Getting intimate with Mini Connected

We've being living with our long-term Mini Countryman Cooper S All4 for a little over two months, but we haven't spent much time on one of the most often used – and complex – bits of the car.

Mini Connected is essentially a reworked version of BMW iDrive for the Mini line-up. The system uses the same architecture and a tweaked user interface to provide drivers with a range of entertainment, connectivity and infotainment functionalities. Some components from iDrive have carried over, most notably a multidirectional joystick in place of the standard knob found in most BMWs, while others have been completely redone for both the Mini aesthetic and the circular display mounted in the central speedometer.

Drivers can connect their iPhone to the system over either Bluetooth or USB to take phone calls, stream Internet radio stations, play locally-stored music or listen to Pandora, along with using their data connection to see timelines on Twitter, Facebook and customizable RSS feeds. Include Google search and send-to-car functionality, and it's a pretty compelling package. But it's pricy.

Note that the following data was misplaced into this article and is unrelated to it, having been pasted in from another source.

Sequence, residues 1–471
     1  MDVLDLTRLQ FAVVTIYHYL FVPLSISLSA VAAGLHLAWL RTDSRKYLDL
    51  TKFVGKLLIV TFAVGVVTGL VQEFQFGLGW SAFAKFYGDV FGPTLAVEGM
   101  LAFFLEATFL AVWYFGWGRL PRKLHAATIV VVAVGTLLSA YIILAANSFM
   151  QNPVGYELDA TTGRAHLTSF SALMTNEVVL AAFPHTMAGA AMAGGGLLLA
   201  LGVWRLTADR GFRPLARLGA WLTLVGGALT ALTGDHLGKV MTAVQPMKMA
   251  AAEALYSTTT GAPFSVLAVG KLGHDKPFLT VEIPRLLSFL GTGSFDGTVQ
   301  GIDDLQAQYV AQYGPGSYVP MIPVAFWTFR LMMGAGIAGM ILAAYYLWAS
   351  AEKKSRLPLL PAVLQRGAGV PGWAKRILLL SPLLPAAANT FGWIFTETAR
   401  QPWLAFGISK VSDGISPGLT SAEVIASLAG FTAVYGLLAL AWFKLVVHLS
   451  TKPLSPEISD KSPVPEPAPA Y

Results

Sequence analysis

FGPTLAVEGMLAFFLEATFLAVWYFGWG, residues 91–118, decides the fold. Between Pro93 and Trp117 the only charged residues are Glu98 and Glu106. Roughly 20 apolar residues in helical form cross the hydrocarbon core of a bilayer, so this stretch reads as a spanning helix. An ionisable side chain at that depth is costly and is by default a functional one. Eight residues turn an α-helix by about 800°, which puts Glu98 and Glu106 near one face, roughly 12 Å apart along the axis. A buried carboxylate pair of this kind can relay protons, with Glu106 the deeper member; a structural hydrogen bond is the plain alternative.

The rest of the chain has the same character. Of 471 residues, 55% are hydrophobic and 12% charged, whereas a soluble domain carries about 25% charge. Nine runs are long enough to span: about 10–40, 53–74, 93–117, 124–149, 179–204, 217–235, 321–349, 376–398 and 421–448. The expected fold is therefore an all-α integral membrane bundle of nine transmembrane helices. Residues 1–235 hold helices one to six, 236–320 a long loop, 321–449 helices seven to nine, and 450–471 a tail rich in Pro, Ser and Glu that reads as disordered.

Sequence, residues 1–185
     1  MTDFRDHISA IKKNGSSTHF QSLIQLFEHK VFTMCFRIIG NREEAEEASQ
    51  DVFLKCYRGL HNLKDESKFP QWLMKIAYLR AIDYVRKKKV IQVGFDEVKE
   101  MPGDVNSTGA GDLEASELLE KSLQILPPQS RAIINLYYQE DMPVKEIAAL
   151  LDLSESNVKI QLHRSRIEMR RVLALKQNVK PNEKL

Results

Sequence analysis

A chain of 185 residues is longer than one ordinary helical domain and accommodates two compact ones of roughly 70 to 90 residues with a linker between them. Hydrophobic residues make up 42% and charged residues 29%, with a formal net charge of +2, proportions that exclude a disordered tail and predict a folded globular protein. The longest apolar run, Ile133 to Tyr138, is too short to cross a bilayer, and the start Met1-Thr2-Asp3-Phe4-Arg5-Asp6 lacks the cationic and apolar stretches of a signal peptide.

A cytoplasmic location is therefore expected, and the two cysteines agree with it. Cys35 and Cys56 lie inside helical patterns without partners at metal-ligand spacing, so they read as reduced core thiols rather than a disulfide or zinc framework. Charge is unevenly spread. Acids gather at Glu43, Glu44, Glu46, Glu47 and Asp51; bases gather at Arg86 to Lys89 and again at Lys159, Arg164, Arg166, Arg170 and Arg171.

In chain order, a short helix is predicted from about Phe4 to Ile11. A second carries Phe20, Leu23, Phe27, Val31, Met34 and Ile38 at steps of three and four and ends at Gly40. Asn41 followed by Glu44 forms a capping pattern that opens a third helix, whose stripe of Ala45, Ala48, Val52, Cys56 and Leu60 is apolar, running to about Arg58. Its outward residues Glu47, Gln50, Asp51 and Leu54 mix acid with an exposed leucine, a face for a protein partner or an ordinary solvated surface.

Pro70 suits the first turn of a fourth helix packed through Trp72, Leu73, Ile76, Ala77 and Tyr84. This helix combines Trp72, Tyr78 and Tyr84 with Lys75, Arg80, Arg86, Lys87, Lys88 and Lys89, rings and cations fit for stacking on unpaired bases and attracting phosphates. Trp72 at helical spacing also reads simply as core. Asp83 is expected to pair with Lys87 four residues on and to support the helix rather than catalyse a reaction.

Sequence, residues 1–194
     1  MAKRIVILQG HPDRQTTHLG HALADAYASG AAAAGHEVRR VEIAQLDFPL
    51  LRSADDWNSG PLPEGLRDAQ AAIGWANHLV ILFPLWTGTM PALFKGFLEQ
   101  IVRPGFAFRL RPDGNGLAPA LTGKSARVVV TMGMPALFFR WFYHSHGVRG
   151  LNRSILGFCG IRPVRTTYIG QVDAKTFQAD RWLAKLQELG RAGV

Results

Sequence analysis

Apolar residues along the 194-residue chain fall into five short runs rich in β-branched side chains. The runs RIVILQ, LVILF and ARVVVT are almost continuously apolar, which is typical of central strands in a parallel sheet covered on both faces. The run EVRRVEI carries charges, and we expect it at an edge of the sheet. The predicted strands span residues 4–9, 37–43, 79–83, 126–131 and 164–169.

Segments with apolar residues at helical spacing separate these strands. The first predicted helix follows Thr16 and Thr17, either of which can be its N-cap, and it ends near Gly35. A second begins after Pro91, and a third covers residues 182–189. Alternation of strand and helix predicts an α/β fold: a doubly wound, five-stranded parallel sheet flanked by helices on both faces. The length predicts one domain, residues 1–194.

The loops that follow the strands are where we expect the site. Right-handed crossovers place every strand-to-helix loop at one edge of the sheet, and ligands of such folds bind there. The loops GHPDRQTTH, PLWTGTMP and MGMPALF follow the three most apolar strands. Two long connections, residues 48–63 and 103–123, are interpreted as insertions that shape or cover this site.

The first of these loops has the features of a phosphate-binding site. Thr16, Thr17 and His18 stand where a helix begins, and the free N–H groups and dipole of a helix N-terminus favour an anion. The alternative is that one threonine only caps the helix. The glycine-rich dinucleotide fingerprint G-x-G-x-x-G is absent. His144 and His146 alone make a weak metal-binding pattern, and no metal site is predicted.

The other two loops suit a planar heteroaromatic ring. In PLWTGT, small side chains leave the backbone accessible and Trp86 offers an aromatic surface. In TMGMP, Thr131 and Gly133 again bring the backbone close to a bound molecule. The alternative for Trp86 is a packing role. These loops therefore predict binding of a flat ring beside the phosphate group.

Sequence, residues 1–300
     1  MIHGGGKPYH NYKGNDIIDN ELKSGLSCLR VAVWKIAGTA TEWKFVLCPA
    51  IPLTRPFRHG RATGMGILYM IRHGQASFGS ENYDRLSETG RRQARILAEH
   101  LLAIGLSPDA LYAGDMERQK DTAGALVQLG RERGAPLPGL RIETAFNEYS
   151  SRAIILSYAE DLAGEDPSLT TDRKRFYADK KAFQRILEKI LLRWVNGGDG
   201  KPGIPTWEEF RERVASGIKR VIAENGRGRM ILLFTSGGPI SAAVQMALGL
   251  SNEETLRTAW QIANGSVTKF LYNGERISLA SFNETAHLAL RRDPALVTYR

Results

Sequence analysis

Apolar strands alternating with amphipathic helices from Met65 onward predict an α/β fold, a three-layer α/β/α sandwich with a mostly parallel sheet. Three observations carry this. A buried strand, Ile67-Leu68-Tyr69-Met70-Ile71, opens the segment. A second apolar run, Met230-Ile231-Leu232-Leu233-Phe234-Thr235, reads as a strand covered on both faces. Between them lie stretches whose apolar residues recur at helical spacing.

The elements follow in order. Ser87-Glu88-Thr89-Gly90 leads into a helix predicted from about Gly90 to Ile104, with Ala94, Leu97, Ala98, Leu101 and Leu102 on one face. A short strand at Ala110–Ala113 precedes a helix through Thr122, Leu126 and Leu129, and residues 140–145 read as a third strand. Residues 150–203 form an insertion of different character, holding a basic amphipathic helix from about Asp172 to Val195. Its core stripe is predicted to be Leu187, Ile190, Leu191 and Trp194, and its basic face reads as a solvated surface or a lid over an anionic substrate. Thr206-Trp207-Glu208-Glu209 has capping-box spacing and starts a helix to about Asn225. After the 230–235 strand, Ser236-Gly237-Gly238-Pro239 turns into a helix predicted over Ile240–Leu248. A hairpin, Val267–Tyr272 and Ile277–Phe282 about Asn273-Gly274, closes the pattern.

If you opt for Mini Connected by itself, it's a $2,000 option, with the navigation functionality commanding an additional $750. That's a lotta scratch, but after using the system day-to-day, we're just about sold.

There's plenty going on with Mini Connected, so rather than assault you with a few thousand words, hit the jump for a detailed video review of the system in action.

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